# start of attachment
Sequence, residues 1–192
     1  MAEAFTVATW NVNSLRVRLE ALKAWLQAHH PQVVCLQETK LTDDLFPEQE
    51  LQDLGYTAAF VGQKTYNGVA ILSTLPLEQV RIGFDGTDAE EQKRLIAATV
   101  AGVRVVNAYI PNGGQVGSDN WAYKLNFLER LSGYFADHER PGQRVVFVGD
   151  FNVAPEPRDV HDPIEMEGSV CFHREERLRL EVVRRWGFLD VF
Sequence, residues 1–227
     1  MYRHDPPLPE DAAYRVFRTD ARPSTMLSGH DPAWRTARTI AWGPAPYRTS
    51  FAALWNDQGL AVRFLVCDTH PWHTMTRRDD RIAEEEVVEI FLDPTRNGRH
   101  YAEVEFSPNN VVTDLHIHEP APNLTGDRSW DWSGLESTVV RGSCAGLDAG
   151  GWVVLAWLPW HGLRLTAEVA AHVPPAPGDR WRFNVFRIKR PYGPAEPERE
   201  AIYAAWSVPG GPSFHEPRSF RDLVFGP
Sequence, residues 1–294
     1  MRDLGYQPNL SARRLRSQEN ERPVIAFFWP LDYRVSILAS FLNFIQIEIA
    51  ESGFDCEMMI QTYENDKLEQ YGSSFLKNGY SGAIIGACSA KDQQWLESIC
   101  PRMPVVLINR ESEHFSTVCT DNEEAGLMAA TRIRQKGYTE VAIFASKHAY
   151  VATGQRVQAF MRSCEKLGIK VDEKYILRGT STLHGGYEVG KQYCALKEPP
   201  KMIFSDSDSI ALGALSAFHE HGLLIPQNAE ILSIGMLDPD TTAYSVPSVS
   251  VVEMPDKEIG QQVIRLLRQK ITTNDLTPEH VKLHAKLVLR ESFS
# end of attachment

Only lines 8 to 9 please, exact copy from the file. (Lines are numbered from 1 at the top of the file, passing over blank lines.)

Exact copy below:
    51  FAALWNDQGL AVRFLVCDTH PWHTMTRRDD RIAEEEVVEI FLDPTRNGRH
   101  YAEVEFSPNN VVTDLHIHEP APNLTGDRSW DWSGLESTVV RGSCAGLDAG